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LRAC Legal Research Class Site

Federal Agencies

Federal agencies are just like state agencies!

Federal agencies are part of the executive branch of government and have been created by Congress to carry out its legislative will.

Just like the Arizona legislature, Congress often enact statutes that create a broad framework for an area of law and then creates an agency with the power to make regulations to fulfill the purpose of the law and fill in the details, enforce the law and regulations, and adjudicate disputes. 

Department of Labor Wage and Hour Division Child Labor Example

Congress created the Department of Labor Wage and Hour Division and enacted statutes regulating employee wages and hours.

For example, Congress passed a statute to outlaw oppressive child labor. Then, the Department of Labor Wage and Hour Division enacted regulations to fulfill the Congressional purpose of outlawing oppressive child labor.

REMINDER: Because there are laws and regulations on the same topic, remember that no federal statutory research is COMPLETE without finding any applicable federal regulations.

Federal Statute

The child labor statute is located at 29 U.S.C.A. § 212 in the United States Code.

Federal Regulations

The child labor regulations are codified  at 29 C.F.R. § 570.1 et seq. in the Code of Federal Regulations.

Code of Federal Regulations

The Code of Federal Regulations (CFR) is the official publication for the current regulations of federal agencies. 

Code of Federal Regulations Organization

The CFR is organized much like the United States Code (USC). The regulations are codified by topic in 50 titles that are divided into chapters, subchapters, parts, and sections. The CFR titles do not necessarily correspond to the USC titles of the same topic.

Citation example - 29 C.F.R. § 570.1

  • 29 = title number
  • 553 = part number
  • 553.105 = section number


The Code of Federal Regulations is available from the government's FDsys and e-CFR websites, as well as from commercial online services such as Westlaw and Lexis.

Notes of Decision

If you are using a commercial online service such as Westlaw or Lexis, you have the usual editorial enhancements like notes of decision (cases that interpret the regulations aka statutory annotations) and historical information.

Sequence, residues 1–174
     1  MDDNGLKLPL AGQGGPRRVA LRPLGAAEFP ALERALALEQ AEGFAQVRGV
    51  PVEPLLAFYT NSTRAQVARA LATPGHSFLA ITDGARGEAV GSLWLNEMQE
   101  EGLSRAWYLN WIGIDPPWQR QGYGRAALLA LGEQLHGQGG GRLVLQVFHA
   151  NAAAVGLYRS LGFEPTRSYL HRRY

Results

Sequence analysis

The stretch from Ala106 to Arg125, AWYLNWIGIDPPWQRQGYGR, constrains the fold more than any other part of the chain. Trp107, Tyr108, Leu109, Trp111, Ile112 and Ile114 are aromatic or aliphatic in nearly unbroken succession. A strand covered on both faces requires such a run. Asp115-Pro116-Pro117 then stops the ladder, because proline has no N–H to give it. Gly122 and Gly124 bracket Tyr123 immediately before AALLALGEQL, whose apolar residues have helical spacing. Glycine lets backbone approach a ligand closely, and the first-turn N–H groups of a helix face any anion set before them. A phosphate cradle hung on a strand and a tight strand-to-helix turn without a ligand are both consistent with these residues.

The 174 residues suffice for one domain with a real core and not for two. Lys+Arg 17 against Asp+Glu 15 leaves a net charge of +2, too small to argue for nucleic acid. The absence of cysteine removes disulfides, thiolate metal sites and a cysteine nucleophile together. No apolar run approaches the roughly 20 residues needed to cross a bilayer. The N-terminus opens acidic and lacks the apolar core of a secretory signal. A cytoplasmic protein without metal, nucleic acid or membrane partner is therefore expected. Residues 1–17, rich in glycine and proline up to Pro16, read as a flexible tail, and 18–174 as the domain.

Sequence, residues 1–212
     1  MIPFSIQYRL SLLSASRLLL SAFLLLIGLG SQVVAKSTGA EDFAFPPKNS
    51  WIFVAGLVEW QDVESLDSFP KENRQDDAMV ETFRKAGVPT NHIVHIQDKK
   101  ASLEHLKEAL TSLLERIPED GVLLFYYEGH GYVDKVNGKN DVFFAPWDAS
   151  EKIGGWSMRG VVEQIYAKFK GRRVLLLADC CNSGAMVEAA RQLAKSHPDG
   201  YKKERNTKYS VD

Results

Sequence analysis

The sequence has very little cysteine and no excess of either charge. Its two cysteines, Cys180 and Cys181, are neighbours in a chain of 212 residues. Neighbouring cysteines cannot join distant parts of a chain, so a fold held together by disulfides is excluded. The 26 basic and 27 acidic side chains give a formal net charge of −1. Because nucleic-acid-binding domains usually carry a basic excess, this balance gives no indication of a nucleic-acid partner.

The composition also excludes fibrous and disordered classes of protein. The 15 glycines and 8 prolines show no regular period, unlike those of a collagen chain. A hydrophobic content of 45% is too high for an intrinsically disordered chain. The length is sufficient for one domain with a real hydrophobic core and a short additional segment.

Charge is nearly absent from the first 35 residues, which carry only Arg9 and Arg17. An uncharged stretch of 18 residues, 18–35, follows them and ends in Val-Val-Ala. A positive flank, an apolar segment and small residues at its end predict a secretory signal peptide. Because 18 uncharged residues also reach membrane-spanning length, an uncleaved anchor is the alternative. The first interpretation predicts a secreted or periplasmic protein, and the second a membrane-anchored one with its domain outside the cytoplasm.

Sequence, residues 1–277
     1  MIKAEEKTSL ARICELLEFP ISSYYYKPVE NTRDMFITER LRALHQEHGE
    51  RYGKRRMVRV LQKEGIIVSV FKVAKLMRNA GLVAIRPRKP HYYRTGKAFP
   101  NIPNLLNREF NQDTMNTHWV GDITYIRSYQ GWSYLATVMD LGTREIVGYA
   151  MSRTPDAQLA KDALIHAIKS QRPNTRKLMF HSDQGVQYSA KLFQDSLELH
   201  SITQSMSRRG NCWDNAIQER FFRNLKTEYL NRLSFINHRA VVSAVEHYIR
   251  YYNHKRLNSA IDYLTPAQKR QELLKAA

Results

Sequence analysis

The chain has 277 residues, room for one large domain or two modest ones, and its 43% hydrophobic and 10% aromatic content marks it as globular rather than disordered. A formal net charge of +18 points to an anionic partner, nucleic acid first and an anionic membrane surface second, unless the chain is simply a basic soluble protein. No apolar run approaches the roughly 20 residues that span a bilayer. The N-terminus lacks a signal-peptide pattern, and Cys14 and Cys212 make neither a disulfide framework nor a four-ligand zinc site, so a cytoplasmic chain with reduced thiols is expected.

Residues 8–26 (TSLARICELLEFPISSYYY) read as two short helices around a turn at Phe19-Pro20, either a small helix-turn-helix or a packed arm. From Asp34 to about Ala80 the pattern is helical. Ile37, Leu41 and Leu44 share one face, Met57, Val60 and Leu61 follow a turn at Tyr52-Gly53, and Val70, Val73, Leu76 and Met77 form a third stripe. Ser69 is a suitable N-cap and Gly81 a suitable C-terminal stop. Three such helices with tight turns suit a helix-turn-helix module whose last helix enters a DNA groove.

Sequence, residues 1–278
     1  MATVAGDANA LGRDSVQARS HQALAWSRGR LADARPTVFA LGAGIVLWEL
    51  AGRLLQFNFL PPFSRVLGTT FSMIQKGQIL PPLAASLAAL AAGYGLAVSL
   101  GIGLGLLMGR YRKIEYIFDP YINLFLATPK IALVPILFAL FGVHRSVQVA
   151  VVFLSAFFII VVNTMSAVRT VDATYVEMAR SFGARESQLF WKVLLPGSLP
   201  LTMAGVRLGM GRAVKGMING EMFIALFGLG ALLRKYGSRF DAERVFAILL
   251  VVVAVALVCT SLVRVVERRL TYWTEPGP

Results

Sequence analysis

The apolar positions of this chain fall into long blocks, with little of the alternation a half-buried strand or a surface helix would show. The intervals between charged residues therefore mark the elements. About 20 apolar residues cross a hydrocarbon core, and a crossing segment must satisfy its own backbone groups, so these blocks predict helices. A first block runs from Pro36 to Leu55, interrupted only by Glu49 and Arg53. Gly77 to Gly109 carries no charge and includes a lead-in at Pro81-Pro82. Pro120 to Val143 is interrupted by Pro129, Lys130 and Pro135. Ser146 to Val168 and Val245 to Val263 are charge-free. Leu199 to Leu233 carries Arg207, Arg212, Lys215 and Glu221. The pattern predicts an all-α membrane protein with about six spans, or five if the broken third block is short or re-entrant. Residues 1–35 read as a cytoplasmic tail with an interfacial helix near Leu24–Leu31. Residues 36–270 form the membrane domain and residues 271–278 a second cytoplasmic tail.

The government's FDsys and e-CFR versions of the Code of Federal Regulations just have the text of the regulations with no editorial enhancements.


Remember that NO federal statutory research is COMPLETE without also searching for any applicable federal regulations, because there are often statutes AND regulations on the same topic (as in the child labor example).

Just Like Federal Statutes!!

Yayayayayay there is NOT MUCH new to learn about searching for federal regulations because statutes and regulations are so similar.


  1. Federal regulations and statutes look alike (and are sometimes mistaken for each other)
  2. The Code of Federal Regulations is organized just like the United States Code into titles, chapters, etc.
  3. On Westlaw and Lexis, the federal regulations have the same editorial enhancements as statutes – notes of decision, historical annotations, KeyCite/Shepard’s symbols, etc.
  4. Federal regulations and statutes are searchable in the exact same way (see below)

Finding Federal Statutes

There are two main way to find federal regulations.


You can find CFR citations while reading secondary sources, cases, statutes, etc.


Westlaw - Code of Federal Regulations (CFR)

  1. Subject index
  2. Table of contents
  3. Keyword searching (natural language or Terms and Connectors)

Lexis - Code of Federal Regulations

  1. Subject index (available in a separate databases - Code of Federal Regulations - Index)
  2. Table of contents
  3. Keyword searching (natural language or Terms and Connectors)

Updating Federal Regulations

Updating a regulation with KeyCite or Shepard's is just like updating a statute.

Just like statutes, there are three things you want to know when you are updating a regulation (Arizona or federal).

  1. Do you have the most current version of the regulation?
  2. Has the regulation received any negative treatment from case law?
  3. Are there any pending proposed regulations that might soon amend your regulation?

Most Current Version

A regulation with a recently adopted amendment that changes the text of the regulation will have a red flag/symbol.

Negative Treatment from Case Law

A regulation with negative case law treatment will have a yellow or red flag/symbol.   

Proposed Amendments to Regulations

A regulation with a pending proposed amendment will have a yellow flag/symbol.

Federal Register

The Federal Register is a record of the rulemaking activities of federal agencies. The Register contains proposed and final regulations as well as notices, executive orders, and other information. 

There are TWO main purposes of the Register.

  1. To inform the public of newly proposed regulations and plans to amend existing regulations
  2. To inform the public of final versions of regulations


The Federal Register is available from the government's FDsys and federalregister.gov websites, as well as from commercial online services such as Westlaw and Lexis.